Coast remains safe if the earth does not warm up too much

| 6-01-2022, 16:37 | English

If humans manage to keep global warming below 2 degrees Celsius, sea level rise will remain relatively limited in the coming centuries. Adaptations are likely to be possible along most coasts. But with a warming of 3°C – the current rate – that increase will accelerate abruptly in the second half of this century. In 2300, the melting of Antarctica alone will raise the sea level on average by 1.5 meters.


 

 


In summary, this is the outcome of two studies published this Wednesday in Nature. They can be seen as a shot ahead of the November climate summit in Glasgow. The aim of the summit is for the member states of the United Nations to tighten up their targets for reducing greenhouse gas emissions. If they achieve their current targets, warming would be 3°C. In 2015, the UN agreed in Paris to limit global warming to at least 2°C, and preferably 1.5°C. Many countries have already announced a tightening of the targets, but this has yet to be established within the UN.

All glaciers in the world

The two studies now published are pilot studies, but they differ in nature and design. One has simulated the contribution of all melting land ice to rising sea levels up to 2100, under different scenarios, and using a wide arsenal of climate and glacier models. This concerns all the glaciers in the world, and the large ice caps on Greenland and Antarctica. It is the most comprehensive model study of future sea level rise to date. The publication has 85 authors.

The other research has focused on the melting of the Antarctic ice sheet until 2300, based on one model. That is a very fine-grained model. It simulates the behavior of the ice sheet and the drifting ice shelves in the sea in different scenarios. “This is the best model of the Antarctic melt we have yet. They set the standard with this,” says Roderik van de Wal, who was not involved in this study, but who is one of the 85 authors of the other study. He is professor of sea level and influence on the coast at Utrecht University.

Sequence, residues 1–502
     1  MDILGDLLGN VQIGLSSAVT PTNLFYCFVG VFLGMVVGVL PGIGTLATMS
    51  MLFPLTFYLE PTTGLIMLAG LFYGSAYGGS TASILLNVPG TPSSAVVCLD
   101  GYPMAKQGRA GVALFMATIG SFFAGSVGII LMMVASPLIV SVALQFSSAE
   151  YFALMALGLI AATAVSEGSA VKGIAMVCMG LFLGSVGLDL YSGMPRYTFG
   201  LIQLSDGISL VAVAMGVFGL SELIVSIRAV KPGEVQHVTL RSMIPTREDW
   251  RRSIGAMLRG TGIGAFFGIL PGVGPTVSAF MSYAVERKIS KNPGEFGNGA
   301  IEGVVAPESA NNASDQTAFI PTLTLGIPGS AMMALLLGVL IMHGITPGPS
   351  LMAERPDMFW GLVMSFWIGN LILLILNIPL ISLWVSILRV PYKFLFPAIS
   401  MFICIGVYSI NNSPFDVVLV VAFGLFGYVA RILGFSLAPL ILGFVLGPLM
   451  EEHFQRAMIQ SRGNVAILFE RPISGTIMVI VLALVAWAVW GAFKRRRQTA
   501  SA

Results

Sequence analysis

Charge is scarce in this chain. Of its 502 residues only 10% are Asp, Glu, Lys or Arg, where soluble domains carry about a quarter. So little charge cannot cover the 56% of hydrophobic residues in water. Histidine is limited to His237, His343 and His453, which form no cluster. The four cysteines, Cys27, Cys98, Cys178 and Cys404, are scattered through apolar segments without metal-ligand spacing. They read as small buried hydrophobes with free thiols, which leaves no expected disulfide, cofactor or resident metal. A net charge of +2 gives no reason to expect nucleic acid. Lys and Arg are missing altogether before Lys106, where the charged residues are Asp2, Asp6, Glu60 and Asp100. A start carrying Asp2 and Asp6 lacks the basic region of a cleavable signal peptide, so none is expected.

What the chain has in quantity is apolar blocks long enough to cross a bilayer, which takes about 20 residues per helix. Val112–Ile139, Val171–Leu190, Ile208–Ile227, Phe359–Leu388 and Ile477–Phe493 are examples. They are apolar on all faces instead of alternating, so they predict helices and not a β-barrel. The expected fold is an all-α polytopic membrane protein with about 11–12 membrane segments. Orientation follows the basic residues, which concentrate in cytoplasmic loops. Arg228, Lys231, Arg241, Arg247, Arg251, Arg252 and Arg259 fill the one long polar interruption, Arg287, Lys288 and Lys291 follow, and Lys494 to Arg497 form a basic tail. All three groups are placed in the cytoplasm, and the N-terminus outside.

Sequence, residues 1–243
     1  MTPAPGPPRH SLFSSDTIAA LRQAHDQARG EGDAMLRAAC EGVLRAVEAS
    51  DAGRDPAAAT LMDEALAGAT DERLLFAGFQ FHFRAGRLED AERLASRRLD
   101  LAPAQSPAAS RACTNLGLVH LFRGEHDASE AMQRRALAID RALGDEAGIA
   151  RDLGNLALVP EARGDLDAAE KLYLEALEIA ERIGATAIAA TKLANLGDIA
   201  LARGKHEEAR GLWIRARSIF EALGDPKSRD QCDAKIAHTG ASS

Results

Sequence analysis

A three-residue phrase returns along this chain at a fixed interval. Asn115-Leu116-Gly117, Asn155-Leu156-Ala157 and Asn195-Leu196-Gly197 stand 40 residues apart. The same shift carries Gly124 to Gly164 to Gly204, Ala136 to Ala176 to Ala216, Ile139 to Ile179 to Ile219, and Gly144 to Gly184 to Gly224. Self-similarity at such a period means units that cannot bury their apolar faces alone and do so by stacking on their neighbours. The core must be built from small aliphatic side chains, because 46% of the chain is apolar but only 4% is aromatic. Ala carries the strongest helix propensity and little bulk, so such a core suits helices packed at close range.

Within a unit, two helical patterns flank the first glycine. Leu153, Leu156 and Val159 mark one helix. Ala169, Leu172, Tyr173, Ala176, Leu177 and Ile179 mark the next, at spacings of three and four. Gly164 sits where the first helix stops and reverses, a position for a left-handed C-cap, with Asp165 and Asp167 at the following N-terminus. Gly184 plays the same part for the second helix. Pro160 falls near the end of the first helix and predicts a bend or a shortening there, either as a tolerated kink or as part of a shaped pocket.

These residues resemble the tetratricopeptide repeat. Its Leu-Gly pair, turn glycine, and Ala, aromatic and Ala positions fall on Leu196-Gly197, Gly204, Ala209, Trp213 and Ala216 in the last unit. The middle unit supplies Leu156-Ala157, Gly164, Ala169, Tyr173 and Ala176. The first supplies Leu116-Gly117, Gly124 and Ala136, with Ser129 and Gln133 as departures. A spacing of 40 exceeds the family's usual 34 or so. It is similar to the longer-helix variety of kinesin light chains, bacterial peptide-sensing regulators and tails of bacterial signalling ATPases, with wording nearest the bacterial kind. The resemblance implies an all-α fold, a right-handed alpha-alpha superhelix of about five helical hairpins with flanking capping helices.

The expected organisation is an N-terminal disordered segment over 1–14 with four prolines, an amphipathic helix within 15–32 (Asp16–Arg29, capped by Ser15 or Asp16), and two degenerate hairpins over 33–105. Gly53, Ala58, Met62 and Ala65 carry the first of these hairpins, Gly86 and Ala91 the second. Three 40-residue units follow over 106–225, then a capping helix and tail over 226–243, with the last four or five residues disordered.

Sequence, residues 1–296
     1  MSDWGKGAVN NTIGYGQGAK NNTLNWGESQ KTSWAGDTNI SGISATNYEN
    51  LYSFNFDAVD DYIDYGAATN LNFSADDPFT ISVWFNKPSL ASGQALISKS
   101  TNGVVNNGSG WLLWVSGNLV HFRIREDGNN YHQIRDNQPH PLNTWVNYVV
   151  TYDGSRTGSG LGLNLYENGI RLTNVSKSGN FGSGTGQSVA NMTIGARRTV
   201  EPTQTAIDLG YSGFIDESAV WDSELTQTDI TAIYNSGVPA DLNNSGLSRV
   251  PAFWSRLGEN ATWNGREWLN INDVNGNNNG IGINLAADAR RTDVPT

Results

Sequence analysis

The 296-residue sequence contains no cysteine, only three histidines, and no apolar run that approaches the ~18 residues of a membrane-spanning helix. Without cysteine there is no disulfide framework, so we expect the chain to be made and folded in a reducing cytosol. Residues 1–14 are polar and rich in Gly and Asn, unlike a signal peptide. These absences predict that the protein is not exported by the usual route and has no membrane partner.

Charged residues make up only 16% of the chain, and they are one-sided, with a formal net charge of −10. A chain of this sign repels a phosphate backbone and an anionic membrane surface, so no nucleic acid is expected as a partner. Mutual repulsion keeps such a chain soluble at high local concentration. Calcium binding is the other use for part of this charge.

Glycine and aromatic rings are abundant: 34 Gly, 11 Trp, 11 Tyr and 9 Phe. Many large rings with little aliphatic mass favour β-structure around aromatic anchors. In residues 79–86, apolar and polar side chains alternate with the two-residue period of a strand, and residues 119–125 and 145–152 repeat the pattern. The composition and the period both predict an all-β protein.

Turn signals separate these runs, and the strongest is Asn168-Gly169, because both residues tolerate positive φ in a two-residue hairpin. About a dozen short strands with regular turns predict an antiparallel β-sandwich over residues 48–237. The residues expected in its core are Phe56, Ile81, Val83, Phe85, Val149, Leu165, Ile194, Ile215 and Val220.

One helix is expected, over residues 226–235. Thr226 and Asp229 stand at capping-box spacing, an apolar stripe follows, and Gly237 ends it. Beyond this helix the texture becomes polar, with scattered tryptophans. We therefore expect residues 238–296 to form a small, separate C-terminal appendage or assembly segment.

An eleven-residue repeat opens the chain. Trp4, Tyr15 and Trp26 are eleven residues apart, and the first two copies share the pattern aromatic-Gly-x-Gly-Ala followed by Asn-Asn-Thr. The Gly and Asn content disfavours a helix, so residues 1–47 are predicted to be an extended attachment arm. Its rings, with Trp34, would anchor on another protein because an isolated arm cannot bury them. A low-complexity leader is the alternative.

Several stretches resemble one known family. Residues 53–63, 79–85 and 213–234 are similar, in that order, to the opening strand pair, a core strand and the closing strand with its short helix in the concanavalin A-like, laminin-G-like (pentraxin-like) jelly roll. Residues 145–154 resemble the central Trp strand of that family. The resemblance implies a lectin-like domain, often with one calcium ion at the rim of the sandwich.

This is the best model of the Antarctic melt

Roderik van de Wal professor

The disadvantage of both studies is that they do not provide a picture of the total sea ​​level rise, but only of the melting land ice share, or of Antarctica. “That is indeed a bit confusing,” says Van de Wal. For example, the sea level also rises because the water heats up and expands as a result. This factor accounted for almost 40 percent of sea level rise between 2006 and 2015, according to the special report published by the IPCC, the UN climate agency, two years ago – Van de Wal was one of the lead authors. “You still have to convert our figures for the total sea level rise,” says Van de Wal.

The large study calculates, for example, that the contribution of land ice to sea level rise will halve in 2100 if warming does not come to 3°C, but 1.5°C. “It is clear that we will stay out of trouble in many places with that 1.5 degree warming,” says Van de Wal.

Varying Outcomes

The 85 authors do emphasize the uncertainty surrounding Antarctica in particular. The different models give very different results. In the pessimistic case, the contribution of Antarctica in 2100, even with a warming of 1.5°C, is already half a meter of sea level rise.

The other study shows a clear difference for Antarctica between a warming of 2 and 3°C. In the latter case, the melting of the ice sheet will accelerate abruptly around 2060. By 2300, Antarctica will cause a 1.5 meter rise in sea level. If you add the contributions from Greenland, all the other glaciers, and the expansion of the ocean water, you arrive at about 2.5 meters, according to Van de Wal.

That will be even more if greenhouse gas emissions do increase. Then Antarctica alone could cause a ten meter rise in sea level by 2300.

According to Van de Wal, the big question is whether we will limit warming to 1.5 or 2 degrees. Since the pre-industrial era, the earth has already warmed 1.1°C, and greenhouse gas emissions have only increased in recent decades. The corona pandemic has caused a downturn, but it is questionable whether this is temporary, now that economic activity is picking up again. Further warming will not stop until emissions are completely reduced to zero. Van de Wal: “I think we can be happy if we can still save that 2 degrees of warming.”

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